This all leads up to November 13, 2015 at the Bataclan Theater in Paris, France. I never heard a detailed telling of the incident really. The survivors of that night, all of them from band members to fans, clearly and bravely retell the story from their perspective and each one of them did a good job of doing so. The best moments of the film is spent listening to them. I never knew exactly how close to death the members of Eagles of Death Metal were and Jesse Hughes, thin skinned as he is, was really overwrought and changed by it. He witnessed, as they all did, instant chaos, terror and violent death. The band was split up; one hiding in a shower stall, others looking for exits.
Some of the other documentaries I’ve cited told their stories via the aid of news footage of the attacks where this documentary solely relies on the testimony of the band and fans. That saved this film from being just another recount of the facts for me. The raw nerve that is Jesse Hughes and the concise thoughts of John Homme (who was not a part of that gig, by the way, but hearing about it helpless over the phone) also aided in the telling. Well done.
Bonus: Colin Hanks, director of the documentary, sat for an HBO Q & A that we offer here in part:
HBO: How long have you known the band?
Colin Hanks: I’ve known those guys for a while now… seven or eight years. I met Josh [Homme] at a show many moons ago and then met Jesse [Hughes] shortly thereafter. They’re just really funny light-hearted guys. At the tail end of making my documentary about Tower Records, they helped me out with some music issues I was having for our trailer and ended up playing our premiere party. That party was four weeks before the Bataclan show. I actually talked to Jesse two days before the attack.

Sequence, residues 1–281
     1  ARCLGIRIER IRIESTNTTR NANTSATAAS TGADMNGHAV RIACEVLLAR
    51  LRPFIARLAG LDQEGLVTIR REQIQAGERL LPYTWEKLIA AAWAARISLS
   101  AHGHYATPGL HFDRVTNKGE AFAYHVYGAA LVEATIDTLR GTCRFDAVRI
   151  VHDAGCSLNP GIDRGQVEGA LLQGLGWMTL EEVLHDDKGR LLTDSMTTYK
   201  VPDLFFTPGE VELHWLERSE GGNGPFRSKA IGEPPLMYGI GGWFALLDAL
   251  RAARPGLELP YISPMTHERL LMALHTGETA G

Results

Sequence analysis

HBO: Why did you decide not to include news footage in the film?
Colin Hanks: There was a lot of sensitivity there. We wanted to make something that wasn’t gratuitous — that wasn’t exploitive of their experience and the fans that we spoke to. I didn’t want to show too many images of violence. The weeks afterwards, that stuff shows on television and you become desensitized to it.
HBO: Were you concerned about asking them to speak on the subject?
Colin Hanks: It was hard because it wasn’t that long after the attacks. Everything was fresh in their minds. Luckily, we have a good friendship, so we were able to lean on and be honest with each other. It was harder with the survivors because we didn’t have that friendship and they hadn’t told their stories to any other public outlet. I promised them I would try to be honest and truthful and represent them the best way I can. I am honored to call them my friends now because they took a flying leap of faith to speak to me.
In Conclusion: It would be a cruel play on words to say it was well executed, but it was. Hanks got us inside the head of the band, and inside the attack quite effectively. It is an hour and a half worth watching. And it doesn’t end on a gloomy note because, as we all know, the Eagles of Death Metal went back to Paris to finish the gig that was rudely interrupted. Hell, yeah!
Next: UNLOCKING THE CAGE follows animal-rights activist Steven Wise around the country and into the courtroom for an unprecedented battle that seeks to expand legal “personhood” to include certain sentient animals. It debuts MONDAY, FEBRUARY 20 at 8:00pm.